Another one is ISON 060624, known as 90059. It has a low perigee of 310 kilometers but has an apogee of about 35,000 kilometers, giving it a high eccentricity of about 0.72. According to Ted Molczan, this object has a perigee that goes up and down but shows a long-term decrease in apogee. Looking at historical orbital parameters, it has been tracked sporadically since at least 2006.
I looked at the historical TLEs and first wanted to make sure that they were really from the same object; if so, some parameters should follow regular trends. So I looked at the right ascension of the ascending node (RAAN), if these TLEs were from the same object the RAAN should show consistent trends. And certainly it does, as the figure below illustrates.
RAAN Changes Since 2006
This object has several big gaps where it was not observed, but the consistency in RAAN gives me good confidence that we have one object. The RAAN shows how the orbit steadily precesses to the west, as we would expect (see Fundamentals Of Astrodynamics by Ronald Bate, Donald Mueller, and Jerry White, Dover Publications 1971, p. 156), and when it reaches zero it begins again at 360 degrees.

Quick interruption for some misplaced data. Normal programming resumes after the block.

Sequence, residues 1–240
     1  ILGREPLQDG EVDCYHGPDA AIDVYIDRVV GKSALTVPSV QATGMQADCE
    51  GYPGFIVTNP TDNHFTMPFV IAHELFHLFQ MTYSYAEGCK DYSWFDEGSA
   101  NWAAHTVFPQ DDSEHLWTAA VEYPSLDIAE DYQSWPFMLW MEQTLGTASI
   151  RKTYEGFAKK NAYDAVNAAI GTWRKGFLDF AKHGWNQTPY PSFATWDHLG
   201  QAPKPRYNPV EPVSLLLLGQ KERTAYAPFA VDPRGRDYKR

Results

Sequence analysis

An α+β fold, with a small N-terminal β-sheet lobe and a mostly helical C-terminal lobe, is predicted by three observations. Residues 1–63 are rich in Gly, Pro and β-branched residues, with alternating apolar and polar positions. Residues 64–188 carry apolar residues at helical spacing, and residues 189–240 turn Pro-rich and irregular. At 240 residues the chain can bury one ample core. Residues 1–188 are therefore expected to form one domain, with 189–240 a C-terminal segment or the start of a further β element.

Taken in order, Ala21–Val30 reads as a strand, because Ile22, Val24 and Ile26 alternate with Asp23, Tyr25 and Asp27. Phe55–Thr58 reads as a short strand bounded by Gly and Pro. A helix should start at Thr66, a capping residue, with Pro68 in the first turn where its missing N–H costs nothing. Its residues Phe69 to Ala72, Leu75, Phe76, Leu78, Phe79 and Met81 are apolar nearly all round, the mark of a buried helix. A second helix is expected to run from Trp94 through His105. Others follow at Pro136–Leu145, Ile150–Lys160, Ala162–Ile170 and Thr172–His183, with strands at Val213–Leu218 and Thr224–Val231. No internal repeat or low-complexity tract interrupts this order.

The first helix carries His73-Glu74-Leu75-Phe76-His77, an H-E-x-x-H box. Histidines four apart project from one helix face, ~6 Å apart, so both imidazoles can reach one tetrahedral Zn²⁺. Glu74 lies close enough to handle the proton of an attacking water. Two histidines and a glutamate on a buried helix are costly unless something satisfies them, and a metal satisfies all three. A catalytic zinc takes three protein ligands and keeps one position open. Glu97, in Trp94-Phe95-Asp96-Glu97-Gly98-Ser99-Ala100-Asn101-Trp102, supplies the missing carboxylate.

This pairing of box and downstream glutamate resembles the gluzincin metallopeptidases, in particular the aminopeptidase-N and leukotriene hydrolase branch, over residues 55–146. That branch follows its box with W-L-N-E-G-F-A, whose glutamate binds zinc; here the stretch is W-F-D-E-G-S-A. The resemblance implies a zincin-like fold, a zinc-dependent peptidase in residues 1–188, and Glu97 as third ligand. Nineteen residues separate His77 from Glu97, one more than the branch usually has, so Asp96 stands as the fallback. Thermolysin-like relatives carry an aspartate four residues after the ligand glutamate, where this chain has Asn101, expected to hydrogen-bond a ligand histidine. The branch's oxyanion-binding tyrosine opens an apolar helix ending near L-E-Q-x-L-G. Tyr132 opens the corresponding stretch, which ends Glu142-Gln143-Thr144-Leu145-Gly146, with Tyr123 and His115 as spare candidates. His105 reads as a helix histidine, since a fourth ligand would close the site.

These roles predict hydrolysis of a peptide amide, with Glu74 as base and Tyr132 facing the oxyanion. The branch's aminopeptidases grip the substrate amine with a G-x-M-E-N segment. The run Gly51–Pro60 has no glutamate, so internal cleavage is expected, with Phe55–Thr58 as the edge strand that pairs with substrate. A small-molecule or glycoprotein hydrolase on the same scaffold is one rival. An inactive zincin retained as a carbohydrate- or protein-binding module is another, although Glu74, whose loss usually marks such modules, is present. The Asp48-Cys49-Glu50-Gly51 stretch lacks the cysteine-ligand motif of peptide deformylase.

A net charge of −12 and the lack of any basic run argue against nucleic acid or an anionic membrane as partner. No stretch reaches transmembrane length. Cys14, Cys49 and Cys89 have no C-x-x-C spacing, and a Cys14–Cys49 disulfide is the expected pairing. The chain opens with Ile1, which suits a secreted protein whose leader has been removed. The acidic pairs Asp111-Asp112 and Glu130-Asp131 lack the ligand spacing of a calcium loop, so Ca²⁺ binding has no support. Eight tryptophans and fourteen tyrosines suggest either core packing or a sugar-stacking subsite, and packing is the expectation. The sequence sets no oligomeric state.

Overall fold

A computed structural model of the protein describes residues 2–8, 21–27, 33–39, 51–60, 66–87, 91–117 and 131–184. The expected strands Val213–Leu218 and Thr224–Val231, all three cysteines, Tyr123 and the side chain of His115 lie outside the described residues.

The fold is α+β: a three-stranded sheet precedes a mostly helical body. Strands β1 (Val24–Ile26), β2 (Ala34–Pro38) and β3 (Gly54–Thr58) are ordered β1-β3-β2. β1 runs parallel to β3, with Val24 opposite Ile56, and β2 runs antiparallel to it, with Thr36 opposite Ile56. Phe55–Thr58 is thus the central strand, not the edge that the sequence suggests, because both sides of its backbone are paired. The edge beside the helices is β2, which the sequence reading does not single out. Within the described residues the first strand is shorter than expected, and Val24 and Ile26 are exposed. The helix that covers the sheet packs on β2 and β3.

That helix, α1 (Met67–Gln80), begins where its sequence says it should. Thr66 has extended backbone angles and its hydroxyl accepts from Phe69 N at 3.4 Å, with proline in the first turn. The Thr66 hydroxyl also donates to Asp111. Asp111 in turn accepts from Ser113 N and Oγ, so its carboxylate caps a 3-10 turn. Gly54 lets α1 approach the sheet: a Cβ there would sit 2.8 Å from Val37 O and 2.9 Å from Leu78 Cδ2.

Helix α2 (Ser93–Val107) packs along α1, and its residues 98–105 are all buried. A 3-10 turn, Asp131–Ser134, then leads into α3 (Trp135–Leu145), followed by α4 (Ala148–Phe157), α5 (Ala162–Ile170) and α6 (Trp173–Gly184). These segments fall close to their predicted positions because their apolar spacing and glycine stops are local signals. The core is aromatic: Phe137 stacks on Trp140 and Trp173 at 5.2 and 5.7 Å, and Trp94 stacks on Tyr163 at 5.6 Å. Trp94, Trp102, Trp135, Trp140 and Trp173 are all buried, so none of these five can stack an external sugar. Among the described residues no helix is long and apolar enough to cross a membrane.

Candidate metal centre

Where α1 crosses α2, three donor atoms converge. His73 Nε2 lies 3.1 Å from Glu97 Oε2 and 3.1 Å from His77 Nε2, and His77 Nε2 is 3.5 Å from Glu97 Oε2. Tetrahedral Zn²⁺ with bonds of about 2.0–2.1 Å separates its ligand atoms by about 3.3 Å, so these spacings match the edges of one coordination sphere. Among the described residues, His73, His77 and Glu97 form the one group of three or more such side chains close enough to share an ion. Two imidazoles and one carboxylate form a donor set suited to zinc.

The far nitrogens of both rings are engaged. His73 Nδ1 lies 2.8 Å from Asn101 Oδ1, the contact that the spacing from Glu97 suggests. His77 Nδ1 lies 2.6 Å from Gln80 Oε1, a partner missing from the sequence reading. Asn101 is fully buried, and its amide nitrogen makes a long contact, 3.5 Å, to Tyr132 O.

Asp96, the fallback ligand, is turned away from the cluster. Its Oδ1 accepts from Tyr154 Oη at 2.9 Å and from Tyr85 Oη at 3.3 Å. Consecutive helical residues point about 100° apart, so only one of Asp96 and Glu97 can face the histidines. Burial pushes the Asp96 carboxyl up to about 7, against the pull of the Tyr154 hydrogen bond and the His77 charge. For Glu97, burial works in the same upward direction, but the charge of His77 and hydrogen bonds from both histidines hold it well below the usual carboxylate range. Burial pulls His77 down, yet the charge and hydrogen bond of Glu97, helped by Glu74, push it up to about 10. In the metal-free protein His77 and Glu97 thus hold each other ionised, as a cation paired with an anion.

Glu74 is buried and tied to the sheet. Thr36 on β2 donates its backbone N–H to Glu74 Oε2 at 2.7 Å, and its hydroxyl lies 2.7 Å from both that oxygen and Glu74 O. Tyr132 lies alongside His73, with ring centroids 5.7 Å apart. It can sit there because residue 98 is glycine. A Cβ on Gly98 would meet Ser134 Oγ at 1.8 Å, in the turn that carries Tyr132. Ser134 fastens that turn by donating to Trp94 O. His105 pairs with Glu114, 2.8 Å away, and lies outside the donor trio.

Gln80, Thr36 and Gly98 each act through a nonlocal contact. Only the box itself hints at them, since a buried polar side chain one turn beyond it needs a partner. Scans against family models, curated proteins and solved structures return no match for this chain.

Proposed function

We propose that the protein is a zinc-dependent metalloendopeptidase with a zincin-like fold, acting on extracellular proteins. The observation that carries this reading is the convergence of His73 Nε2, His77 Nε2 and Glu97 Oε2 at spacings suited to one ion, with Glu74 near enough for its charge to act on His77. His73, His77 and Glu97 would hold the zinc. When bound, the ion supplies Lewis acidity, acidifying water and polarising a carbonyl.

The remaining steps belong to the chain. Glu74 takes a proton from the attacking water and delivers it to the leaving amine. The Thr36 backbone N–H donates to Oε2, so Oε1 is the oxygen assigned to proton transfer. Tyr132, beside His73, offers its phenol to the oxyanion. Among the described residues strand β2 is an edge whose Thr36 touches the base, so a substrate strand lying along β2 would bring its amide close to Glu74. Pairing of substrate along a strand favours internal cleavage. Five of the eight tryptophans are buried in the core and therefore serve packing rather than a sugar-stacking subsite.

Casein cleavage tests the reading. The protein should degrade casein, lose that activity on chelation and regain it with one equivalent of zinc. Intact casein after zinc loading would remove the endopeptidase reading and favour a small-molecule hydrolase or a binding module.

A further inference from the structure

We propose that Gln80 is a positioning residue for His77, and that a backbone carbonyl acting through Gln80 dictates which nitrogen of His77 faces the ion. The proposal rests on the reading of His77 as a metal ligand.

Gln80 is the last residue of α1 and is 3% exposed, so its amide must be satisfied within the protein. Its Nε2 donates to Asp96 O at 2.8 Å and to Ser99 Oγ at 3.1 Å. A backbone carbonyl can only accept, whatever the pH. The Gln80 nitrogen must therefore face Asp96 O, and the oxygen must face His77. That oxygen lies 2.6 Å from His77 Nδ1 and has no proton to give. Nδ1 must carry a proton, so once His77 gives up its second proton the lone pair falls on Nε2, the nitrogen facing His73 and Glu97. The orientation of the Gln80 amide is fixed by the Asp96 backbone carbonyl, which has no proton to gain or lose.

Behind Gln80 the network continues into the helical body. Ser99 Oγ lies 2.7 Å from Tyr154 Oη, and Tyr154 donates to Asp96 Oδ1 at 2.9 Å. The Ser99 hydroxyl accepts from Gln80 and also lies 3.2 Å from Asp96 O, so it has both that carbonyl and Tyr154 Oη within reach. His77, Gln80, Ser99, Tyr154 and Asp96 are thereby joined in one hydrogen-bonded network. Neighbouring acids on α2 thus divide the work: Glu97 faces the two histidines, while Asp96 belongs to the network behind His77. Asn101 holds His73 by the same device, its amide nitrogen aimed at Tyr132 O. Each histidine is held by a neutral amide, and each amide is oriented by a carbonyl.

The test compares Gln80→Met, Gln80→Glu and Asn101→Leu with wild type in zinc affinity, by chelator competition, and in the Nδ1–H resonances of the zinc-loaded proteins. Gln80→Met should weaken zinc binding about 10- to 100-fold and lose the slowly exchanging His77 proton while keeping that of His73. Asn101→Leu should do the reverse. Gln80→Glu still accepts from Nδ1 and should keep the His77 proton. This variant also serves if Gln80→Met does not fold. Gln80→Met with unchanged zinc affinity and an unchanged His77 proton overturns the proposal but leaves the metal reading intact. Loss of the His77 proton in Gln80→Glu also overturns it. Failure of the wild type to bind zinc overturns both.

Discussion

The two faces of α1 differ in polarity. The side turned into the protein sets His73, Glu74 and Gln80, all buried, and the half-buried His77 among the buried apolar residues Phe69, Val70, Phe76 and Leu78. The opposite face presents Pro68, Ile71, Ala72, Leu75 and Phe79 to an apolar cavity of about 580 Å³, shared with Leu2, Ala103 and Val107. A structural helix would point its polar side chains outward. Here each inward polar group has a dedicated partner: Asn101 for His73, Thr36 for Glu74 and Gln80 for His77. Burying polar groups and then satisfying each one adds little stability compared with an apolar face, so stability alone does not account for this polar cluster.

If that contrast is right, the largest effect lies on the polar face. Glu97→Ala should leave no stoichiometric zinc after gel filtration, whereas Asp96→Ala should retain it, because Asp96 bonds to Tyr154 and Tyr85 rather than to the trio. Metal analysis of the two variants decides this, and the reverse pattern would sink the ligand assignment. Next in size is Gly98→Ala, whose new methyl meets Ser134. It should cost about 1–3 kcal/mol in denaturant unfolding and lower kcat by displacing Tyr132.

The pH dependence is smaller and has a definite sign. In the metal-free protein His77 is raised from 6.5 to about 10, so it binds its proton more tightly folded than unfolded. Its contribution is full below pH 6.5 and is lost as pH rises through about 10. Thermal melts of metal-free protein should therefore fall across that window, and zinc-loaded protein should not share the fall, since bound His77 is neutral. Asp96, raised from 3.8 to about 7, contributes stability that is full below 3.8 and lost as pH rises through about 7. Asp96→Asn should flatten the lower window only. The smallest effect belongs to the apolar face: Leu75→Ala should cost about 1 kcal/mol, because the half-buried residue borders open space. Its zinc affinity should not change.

Looking at the apogee for this object, there is definitely a trend as well.
Plot of Apogee for 90059
Here the apogee shows some variability, likely due to some TLEs being created with more observations than others. But the trend is very apparent; with a higher apogee, this object only experiences atmospheric drag near perigee.
However if we look at perigee the story is not anywhere near so clear. A chart of the perigee over time is much more chaotic.
Perigee Does Not Show Clear Trends
We tend to want to find patterns in data like this but the only thing we can have some confidence in saying is that the perigee varies from about 270 to 360 kilometers. If some of these orbits did not match the trend in RAAN and in apogee we might even discard them. The object is at least 150 kilometers above the altitude at which we would think that it would be reentering.